Churches Prepare for Holy Week with Fewer Restrictions
Churches across the northwest metro are preparing for Holy Week. This comes after relaxed rules which allows religious organizations to fully open.
Ebenezer Community Church
For Rev. Francis Tabla of Ebenezer Community Church in Brooklyn Park, the loosened restrictions came just in time to observe Palm Sunday, which occurs one week before Easter
“Most of us in the church are from Africa, and Palm Sunday is very crucial. We celebrate it with palm branches and so forth,” explained Tabla.
Tabla said not everything will be back to normal despite the dial-back. This year, Ebenzer Church won’t be doing the washing of feet ceremony due to sanitary reasons.
The church will still observe the Last Supper and also the seven words on the cross.
“We’ll usually do baptism. But because of the virus again, we will not do baptism we’re going to skip that and push it to November,” said Tabla.
Ebenezer Church will still have two Easter Sunday services but it’s not without assigned seats, masks and social distancing.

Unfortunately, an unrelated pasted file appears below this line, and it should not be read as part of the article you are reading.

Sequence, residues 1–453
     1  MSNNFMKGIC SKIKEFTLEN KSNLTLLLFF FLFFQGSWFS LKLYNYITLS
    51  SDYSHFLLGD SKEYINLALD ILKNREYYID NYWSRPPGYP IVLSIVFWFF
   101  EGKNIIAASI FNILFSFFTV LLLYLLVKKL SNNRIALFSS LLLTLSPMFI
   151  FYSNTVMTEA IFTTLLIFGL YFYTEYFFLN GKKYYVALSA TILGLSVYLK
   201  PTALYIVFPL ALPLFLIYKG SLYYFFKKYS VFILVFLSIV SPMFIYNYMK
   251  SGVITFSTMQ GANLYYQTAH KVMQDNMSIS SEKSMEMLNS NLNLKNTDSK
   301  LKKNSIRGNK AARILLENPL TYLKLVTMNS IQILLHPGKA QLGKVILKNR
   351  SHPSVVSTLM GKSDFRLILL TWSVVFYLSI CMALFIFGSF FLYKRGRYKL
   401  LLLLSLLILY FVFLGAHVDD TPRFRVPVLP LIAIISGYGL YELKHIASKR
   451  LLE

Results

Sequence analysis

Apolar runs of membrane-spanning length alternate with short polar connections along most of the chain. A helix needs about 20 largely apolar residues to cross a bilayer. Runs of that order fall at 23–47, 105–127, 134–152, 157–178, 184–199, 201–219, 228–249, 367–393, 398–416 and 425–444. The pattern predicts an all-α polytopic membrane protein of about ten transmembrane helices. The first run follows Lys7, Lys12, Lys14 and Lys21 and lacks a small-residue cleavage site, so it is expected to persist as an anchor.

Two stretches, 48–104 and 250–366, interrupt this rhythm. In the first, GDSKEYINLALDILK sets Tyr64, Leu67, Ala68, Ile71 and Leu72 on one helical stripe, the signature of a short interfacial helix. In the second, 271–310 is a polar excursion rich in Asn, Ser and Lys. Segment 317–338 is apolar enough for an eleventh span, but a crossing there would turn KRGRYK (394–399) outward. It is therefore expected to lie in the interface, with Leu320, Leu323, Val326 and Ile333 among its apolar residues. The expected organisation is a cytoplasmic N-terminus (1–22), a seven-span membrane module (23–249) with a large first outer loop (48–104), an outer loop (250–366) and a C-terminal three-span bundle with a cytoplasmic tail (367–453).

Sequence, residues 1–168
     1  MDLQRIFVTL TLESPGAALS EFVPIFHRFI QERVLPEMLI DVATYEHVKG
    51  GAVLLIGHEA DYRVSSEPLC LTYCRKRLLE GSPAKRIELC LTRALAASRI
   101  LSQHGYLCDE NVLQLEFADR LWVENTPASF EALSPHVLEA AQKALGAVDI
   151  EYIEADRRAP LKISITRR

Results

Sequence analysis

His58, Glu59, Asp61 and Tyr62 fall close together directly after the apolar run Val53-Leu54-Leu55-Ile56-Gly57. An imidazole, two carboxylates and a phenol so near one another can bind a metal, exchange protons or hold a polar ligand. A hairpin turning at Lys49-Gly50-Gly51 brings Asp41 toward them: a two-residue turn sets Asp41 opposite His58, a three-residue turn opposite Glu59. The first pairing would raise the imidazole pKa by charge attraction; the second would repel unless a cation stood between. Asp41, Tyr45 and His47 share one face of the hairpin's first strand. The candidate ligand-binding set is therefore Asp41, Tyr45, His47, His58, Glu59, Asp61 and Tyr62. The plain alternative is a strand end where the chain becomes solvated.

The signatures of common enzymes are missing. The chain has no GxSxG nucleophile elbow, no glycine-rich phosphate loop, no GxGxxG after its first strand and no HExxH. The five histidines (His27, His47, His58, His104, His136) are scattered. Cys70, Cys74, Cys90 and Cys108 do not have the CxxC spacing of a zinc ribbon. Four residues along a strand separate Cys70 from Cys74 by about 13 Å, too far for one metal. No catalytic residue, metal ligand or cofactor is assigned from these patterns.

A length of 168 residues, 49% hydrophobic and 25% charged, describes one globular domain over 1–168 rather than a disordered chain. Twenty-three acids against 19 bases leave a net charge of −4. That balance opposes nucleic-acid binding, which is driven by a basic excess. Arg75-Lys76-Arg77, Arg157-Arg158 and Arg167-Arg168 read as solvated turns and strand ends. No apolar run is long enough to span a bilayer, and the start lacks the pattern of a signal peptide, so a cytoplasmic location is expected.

Holy Nativity Lutheran Church
Holy Nativity Lutheran Church in New Hope also won’t look the same this year despite the relaxed rules.
“We’re still very much focused on online knowing a lot of people will be tuning into our live stream as well,” said Sr. Pastor Jason Wahlstrom.
Wahlstrom said Palm Sunday is always a huge Sunday for the church. The church typically has a big youth breakfast and silent auction fundraiser. However, for the second year in a row, the church can’t do that. The silent auction is moved online where people can participate.
Currently, Holy Nativity is only allowing 15 members for in-person church. Easter will be the first Sunday that the church will allow up to 75 people. Wahlstrom said signups are filling up quick.
“I feel like September. is the point where we’ll be completely back to normal,” said Wahlstrom.
The pastor said more people are willing to come to church due to vaccines. For those who are still worried, Holy Nativity has an online option.
“This fear and anxiety is real, the biggest answer to that is the community of faith,” said Wahlstrom.